Crop Insurance Companies Still Very Concerned with Components of the Standard Reinsurance Agreement

June 14, 2010

Industry Hopeful that Continued Negotiations will Protect the Key Safety Net for America’s Farmers and Ranchers

OVERLAND PARK, KAN…The crop insurance industry is surprised that even after repeated requests by Congress, producers and the Industry, the Administration still plans to cut the crop insurance program by $6 billion over the next ten years. USDA’s Risk Management Agency released its final draft of the Standard Reinsurance Agreement (SRA) on June 10, 2010.

“We negotiated this contract in good faith with USDA and we are frustrated that our concerns for the financial stability of this 30-year program were not adequately addressed,” said Bob Parkerson, President of National Crop Insurance Services.

The industry is still experiencing the $6.4 billion cuts that came out of the 2008 Farm Bill and will soon face nine months of no income as part of these cuts.

“Now we have to figure out how an additional $6 billion decrease will not seriously undermine the industry’s ability to effectively deliver this program,” said Parkerson.  “Unfortunately, USDA seems to have lost sight that this program is in place to provide a sound financial risk management tool for America’s farmers and ranchers.”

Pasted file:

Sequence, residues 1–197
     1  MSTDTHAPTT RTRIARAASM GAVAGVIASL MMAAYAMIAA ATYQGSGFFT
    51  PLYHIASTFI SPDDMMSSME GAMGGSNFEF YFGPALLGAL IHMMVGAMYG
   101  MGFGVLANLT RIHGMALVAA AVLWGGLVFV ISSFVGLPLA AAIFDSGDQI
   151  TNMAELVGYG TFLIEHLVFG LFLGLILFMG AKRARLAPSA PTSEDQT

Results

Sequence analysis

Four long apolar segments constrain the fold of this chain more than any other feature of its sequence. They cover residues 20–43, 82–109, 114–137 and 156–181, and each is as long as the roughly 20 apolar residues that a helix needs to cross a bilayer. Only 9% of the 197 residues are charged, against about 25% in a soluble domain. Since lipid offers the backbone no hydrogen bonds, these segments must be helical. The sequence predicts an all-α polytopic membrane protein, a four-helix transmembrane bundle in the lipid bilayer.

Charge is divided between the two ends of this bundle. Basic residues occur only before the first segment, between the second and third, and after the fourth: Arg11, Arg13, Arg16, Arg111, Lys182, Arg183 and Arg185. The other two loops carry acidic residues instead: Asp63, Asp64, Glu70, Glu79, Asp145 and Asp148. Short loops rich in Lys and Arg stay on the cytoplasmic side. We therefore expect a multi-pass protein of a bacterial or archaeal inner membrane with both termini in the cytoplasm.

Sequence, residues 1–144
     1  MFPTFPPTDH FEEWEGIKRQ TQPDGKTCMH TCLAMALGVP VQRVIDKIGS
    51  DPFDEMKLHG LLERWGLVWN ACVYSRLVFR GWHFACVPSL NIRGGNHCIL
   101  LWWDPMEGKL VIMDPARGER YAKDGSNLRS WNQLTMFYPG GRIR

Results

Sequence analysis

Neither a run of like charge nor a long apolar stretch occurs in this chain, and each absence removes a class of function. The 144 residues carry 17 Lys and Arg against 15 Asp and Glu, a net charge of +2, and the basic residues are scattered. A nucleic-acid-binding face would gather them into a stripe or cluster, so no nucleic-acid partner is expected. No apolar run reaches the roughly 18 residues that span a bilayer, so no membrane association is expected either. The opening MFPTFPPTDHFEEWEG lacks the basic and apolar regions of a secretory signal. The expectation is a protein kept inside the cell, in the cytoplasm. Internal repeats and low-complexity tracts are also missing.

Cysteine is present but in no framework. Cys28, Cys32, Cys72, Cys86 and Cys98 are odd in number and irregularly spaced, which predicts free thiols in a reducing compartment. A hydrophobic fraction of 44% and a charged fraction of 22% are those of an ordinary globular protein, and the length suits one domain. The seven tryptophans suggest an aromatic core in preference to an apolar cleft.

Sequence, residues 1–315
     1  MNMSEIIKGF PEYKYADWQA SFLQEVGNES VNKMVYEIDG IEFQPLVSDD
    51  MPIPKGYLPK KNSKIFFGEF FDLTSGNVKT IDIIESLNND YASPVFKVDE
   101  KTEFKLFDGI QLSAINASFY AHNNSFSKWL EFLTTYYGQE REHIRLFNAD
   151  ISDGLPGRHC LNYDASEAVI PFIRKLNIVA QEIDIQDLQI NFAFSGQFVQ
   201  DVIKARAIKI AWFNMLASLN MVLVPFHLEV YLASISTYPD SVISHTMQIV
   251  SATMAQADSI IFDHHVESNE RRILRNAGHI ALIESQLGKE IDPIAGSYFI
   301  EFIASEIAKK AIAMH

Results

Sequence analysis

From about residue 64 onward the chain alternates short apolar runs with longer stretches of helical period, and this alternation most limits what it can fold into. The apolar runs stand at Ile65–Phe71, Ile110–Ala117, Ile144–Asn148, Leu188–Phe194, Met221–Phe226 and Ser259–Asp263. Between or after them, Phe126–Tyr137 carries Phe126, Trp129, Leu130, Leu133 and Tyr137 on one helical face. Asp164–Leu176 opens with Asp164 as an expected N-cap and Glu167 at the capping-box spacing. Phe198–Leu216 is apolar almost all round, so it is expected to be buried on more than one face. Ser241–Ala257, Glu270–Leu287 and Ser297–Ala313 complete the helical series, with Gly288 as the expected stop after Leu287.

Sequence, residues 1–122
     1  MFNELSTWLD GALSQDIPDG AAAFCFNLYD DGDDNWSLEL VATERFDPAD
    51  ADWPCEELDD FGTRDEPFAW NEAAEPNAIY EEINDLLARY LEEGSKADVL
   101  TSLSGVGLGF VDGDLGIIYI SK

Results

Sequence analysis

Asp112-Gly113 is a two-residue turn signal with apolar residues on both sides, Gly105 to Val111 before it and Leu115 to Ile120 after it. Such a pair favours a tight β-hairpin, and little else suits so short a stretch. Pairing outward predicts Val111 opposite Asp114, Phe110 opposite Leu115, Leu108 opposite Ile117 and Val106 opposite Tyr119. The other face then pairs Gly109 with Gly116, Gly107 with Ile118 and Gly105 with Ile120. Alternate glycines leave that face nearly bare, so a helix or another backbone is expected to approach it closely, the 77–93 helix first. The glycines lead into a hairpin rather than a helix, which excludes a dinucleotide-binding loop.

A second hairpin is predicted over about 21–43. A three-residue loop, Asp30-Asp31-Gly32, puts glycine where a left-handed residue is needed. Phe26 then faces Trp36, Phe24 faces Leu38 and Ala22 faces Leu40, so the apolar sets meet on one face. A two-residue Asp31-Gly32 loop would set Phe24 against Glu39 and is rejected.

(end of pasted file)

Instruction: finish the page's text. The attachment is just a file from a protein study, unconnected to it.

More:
Some of USDA’s proposed financial terms are far more complex than would appear from its side-by-side comparison released June 10th and will take some time to analyze.
The industry is also disappointed that USDA used a “final” draft to introduce significant terms that did not appear in the first and second drafts, which apparently USDA plans to implement without full industry review and negotiation.

Companies are evaluating their positions and RMA representatives have committed to meet with industry representatives in Kansas City on June 18th.

“We hope continuing dialogue and the meeting on Friday will establish a foundation for constructive changes to this latest version of the SRA,” said Parkerson.  “While the new SRA creates new financial risks and severely undermines the stability of the crop insurance industry, the crop insurance companies remain dedicated and focused on providing high quality service to America’s farmers and ranchers.”